CAMPAIGN FINANCE LAWS MISS THE POINT
There’s a line making its way around the internet – a kind of online cliché at this point – that nonetheless captures an important truth about politics. It goes something like this: “Want to get money out of politics? Get politics out of money.”
The idea that we should get money out of politics is, of course, an old one, dating at least as far back as President Theodore Roosevelt’s efforts to prevent the practice of buying elections. In its modern form, the idea is usually termed campaign finance reform. Campaign finance laws cap the amounts electoral candidates may accept for their campaigns; regulate the gifts candidates receive; and regulate what kinds of groups may spend money to influence elections.
The most zealous proponents of campaign finance laws support publicly funded elections. In order to curb the influence of money in political campaigns, the thinking goes, let the campaigns be financed exclusively by public money. There wouldn’t be much of it, and it would all be completely transparent and subject to FOIA laws. Theoretically, at least, a wealthy individual or corporation couldn’t bankroll a campaign for its own narrow purposes.
But campaign finance usually takes a more piecemeal form. The ethics bill currently in the South Carolina Senate, for example, closes a loophole allowing out-of-state organizations to support in-state election campaigns without disclosing their identity. (Many of these groups have supported challengers and run negative ads against incumbents, which is why the provision is popularly known as the “incumbent protection” clause. The provision has been remarkably uncontroversial among the legislature’s incumbents.)
Certainly, campaign finance reforms seek to address a real problem. Politicians have the power to change laws and regulations, and they will tend to do so for reasons of self-preservation (and outright profit) if the public fails to keep an eye on them. Politicians, moreover, will tend to use campaign money for “expenses” that have nothing to do with campaigns, in essence encouraging them to abuse their power by using it for big donors. (Curiously, nothing in the legislature’s ethics bill cracks down on the clearly improper uses to which elected officials may put campaign money.)
But there are problems with campaign finance laws, and they are serious ones: they tend to encroach on Americans’ right to free speech, and they invariably spawn unintended consequences that have to be “fixed” by means of even further encroachments on First Amendment rights.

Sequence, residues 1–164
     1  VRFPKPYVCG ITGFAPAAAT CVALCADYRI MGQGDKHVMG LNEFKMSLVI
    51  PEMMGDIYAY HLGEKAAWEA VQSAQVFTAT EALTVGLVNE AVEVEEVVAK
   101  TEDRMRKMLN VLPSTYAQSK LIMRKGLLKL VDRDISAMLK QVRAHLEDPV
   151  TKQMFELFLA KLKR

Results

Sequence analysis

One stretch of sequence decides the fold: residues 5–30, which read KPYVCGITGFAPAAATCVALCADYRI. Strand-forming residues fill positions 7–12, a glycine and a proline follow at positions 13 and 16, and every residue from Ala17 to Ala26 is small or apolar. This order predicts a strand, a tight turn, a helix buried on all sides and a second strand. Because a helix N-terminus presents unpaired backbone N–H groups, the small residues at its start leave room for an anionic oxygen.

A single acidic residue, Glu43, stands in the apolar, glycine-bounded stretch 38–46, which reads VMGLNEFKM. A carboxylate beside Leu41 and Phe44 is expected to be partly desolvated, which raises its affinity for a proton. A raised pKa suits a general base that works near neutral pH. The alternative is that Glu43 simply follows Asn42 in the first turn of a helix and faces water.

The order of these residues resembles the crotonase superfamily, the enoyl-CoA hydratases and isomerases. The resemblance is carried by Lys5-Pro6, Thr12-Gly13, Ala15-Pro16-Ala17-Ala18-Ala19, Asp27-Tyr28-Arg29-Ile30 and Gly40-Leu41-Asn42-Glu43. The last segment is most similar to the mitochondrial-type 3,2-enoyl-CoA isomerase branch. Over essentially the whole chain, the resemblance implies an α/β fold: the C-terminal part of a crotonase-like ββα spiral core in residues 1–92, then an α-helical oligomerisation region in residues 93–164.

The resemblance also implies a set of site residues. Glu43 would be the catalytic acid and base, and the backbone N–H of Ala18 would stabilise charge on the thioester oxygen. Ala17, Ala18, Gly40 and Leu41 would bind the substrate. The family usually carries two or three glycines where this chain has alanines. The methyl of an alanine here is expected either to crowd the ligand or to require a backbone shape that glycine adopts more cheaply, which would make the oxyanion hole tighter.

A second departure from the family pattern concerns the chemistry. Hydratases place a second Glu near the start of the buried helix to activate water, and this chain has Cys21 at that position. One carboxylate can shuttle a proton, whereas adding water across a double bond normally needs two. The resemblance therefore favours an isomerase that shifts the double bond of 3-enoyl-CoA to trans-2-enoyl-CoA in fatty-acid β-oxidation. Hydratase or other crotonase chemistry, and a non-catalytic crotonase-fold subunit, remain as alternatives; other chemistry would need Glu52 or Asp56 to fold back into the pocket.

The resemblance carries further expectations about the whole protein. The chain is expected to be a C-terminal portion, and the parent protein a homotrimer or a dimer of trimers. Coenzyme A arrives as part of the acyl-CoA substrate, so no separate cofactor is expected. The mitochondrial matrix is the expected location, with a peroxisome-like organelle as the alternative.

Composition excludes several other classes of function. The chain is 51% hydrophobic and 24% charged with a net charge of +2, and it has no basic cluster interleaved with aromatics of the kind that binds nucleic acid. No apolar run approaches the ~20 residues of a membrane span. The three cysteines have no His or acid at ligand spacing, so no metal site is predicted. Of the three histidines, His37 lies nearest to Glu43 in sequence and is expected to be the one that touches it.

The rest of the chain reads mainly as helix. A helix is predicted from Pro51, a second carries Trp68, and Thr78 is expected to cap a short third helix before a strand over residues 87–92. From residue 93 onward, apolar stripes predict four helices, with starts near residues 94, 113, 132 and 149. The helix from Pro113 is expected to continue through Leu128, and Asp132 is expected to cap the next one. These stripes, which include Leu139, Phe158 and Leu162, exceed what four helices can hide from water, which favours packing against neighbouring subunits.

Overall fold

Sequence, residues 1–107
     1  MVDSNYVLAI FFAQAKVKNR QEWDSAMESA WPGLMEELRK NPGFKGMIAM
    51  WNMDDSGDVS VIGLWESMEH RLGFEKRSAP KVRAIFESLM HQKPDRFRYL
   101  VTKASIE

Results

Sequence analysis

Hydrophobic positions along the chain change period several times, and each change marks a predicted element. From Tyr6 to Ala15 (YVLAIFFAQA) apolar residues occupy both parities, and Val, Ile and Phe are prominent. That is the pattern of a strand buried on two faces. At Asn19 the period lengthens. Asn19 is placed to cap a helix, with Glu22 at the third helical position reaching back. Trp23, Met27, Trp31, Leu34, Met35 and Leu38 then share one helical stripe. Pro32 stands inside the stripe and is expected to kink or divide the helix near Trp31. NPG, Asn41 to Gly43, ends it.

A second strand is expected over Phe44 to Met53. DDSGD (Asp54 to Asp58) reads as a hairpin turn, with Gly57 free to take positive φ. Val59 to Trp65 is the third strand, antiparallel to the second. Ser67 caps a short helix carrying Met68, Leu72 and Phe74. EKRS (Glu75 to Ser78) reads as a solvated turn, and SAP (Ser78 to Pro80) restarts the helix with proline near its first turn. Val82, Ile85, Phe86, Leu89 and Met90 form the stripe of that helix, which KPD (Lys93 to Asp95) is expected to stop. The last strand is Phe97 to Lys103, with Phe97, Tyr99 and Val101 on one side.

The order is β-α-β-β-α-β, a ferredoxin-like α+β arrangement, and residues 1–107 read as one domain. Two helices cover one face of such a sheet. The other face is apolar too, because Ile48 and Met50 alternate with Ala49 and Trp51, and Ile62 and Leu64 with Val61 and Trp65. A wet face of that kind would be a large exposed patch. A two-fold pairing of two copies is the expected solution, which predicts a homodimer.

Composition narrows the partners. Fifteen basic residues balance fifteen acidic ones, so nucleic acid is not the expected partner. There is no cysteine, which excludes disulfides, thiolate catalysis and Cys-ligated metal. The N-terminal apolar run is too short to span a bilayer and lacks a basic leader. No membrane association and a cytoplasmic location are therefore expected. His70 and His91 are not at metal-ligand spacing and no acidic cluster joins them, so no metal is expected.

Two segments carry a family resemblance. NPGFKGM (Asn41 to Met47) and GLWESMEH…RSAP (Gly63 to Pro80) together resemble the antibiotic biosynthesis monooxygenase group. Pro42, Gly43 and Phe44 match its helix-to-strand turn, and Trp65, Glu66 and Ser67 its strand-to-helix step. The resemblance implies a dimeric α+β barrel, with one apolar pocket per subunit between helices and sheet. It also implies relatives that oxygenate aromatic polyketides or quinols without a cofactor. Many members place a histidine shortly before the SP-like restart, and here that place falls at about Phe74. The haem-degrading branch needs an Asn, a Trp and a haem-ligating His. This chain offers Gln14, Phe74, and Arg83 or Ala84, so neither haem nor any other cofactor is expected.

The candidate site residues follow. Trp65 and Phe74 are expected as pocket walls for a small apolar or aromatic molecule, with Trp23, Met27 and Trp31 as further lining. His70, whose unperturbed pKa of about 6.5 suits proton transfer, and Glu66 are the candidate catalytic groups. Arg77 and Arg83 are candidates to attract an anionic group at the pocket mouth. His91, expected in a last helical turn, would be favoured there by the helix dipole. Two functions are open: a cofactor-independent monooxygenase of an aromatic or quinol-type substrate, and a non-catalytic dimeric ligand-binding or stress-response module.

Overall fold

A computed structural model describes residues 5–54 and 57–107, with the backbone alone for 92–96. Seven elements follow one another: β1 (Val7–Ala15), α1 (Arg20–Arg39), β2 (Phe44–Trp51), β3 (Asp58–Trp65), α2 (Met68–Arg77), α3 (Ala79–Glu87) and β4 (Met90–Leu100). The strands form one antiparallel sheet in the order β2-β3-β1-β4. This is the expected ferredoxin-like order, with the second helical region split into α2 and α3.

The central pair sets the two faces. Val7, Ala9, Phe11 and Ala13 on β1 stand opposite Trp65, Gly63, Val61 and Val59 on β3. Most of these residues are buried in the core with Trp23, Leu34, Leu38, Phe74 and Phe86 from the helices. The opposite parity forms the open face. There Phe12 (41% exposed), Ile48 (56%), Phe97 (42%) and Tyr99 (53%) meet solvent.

There’s an even bigger problem with campaign finance laws, though, and it’s this: They don’t actually touch the real problem. Here’s where my new favorite cliché comes in. The reason why wealthy individuals and corporations want to influence election campaigns in the first place is because politicians have the power to do enormous financial favors for them. Remove those powers, and the problem largely takes care of itself.
The fact that state lawmakers dole out hundreds of millions of dollars in corporate income tax credits every year, for example, gives corporations a powerful incentive to court lawmakers with hefty campaign contributions. A single lawmaker can introduce an amendment exempting a certain product from sales tax. Why wouldn’t the manufacturers of that product offer the lawmaker every conceivable financial gift, legal and maybe illegal, too? If a lawmaker will advocate the sale of $120 million in bonds to benefit a single aerospace company, the aerospace company would be foolish not to do everything in its power to ensure that that lawmaker is reelected.
The problem, in short, is not money. The problem is power.
But how do you curtail the use of power? That’s a challenge, clearly – although it’s no more difficult than trying to keep wealthy corporations from influencing elections, which is a bit like trying to keep the squirrels off your bird feeder. (For those who haven’t dealt with squirrels: It can’t be done.)
A first step would be, not to try and outlaw the power to dole out corporate welfare altogether, but to make the transactions visible to the public. Presently, “incentives” – as corporate welfare is euphemistically known – are handed out in secret. The agreements are kept out of the public domain, and their details aren’t even subject to the state’s Freedom of Information law. Making that transaction public, as a bill introduced in the 2011-12 session would have done, would expose the cozy relationship between politicians and corporate interests to the public gaze. It’s secrecy, after all, that allows self-enrichment and influence-peddling to flourish; forcing it into the sunlight would make it far more difficult than it is now.
That’s at least a start to getting politics (governmental power) out of money (corporate interest). For once, a cliché gets it right.